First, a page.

The opinion of the court was delivered by: Charles J. Siragusa United States District Judge
Plaintiff, formerly a prison inmate in the custody of the New York State Department of Correctional Services ("DOCS"), is suing pursuant to 42 U.S.C. § 1983, alleging that while he was in DOCS custody, Defendants violated his Eighth Amendment rights by denying him appropriate medical care. Now before the Court is Defendants' motion for summary judgment [#19]. For the reasons that follow, the application is granted.
Unless otherwise noted, the following are the undisputed facts of this case viewed in the light most favorable to Plaintiff. At all relevant times, Defendant David Unger ("Unger") was the Superintendent of Livingston Correctional Facility ("Livingston"), Defendant Benjamin Agustin, M.D. ("Agustin") was the Facility Health Services Director at Livingston, and G. Coniglio, M.D. ("Coniglio") was a private orthopedic specialist who provided medical services to DOCS inmates on a contract basis. On January 15, 2003, Plaintiff was transferred to Livingston from another correctional facility. At that time, Plaintiff informed the medical staff that he had a decreased range of movement in his right shoulder. On or about January 30, 2003, Agustin obtained an x-ray of Plaintiff's shoulder, which showed "minimal acromioclavicular arthrosis suggestive of minimal changes of impingement." On February 26, 2003, Agustin prescribed Celebrex for Plaintiff's pain. Plaintiff had previously been provided with acetaminophen, ibuprofen, naproxen, and cortisone injections. On April 24, 2003, Agustin arranged to have Plaintiff examined by Coniglio, who diagnosed "DJD [degenerative joint disease] of the right AC joint." Coniglio recommeded surgery, and specifically, "excision of the lateral end of the right clavicle." Coniglio scheduled surgery for August 26, 2003, and indicated that prior to surgery, Plaintiff should receive occupational therapy. (See, Agustin Affidavit ¶ 10 and Exhibit, Bates Stamp 00014).*fn1 However, on August 4, 2003, Plaintiff declined to receive occupational therapy, stating: "I have received several months of extremely painful physical therapy for my right shoulder already. Last orthopedic visit I was told that I was being scheduled for surgery. I want the appropriate medical treatment for my shoulder." (Id. at Bates stamp 00017). As a result, Agustin cancelled the surgery. (Agustin Aff. at ¶ 12) ("Based upon Balkum's refusal to go to occupational therapy, I cancelled Balkum's surgery.").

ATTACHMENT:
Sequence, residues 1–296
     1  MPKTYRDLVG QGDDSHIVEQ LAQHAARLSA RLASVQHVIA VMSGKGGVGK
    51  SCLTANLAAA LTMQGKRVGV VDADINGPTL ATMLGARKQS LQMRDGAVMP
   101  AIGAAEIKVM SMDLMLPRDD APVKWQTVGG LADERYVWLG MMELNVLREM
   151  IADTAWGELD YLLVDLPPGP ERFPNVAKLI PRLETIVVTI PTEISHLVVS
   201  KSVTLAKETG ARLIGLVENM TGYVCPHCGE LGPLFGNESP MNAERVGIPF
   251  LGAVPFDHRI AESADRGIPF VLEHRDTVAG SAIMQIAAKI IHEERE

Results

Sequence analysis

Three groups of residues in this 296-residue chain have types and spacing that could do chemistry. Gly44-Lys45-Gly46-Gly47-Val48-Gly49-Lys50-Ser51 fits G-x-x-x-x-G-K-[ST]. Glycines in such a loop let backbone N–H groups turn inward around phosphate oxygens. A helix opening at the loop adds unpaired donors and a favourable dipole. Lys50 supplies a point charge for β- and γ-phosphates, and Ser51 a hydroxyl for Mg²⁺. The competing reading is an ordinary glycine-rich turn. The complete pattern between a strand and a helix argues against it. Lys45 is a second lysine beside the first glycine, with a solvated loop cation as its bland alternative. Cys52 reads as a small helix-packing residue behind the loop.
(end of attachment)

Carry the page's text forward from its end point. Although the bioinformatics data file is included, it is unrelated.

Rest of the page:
In November 2003, Balkum saw Plaintiff again, at which time Plaintiff continued to complain of shoulder pain. Agustin again referred Plaintiff to Coniglio, who evaluated Plaintiff for a second time on November 6, 2003. Coniglio's diagnosis was "traumatic arthritis AC joint right shoulder," and he recommended "Mumford excision lateral end of right clavicle." On November 26, 2003, Agustin asked Coniglio to schedule surgery. On February 3, 2004, Coniglio performed the surgery, which was successful.
On November 16, 2006, Plaintiff commenced the subject action. The complaint alleges that Defendants conspired to delay Plaintiff's surgery. In support of that claim, Plaintiff alleges that Agustin should not have cancelled his first surgery merely because he refused to participate in occupational therapy. Plaintiff further contends that Unger was part of the conspiracy, since he denied Plaintiff's inmate grievance complaining about the cancellation of the surgery. Plaintiff also maintains that Agustin and Coniglio were part of a conspiracy, since, between his first and second consultations with Plaintiff, Coniglio changed the wording of his diagnosis from "DJD [degenerative joint disease]" to "traumatic arthritis," which Plaintiff believes was intended to make his condition appear less severe. Finally, Plaintiff alleges that Coniglio attempted to make it appear that he had ordered occupational therapy treatment for Plaintiff, when he did not.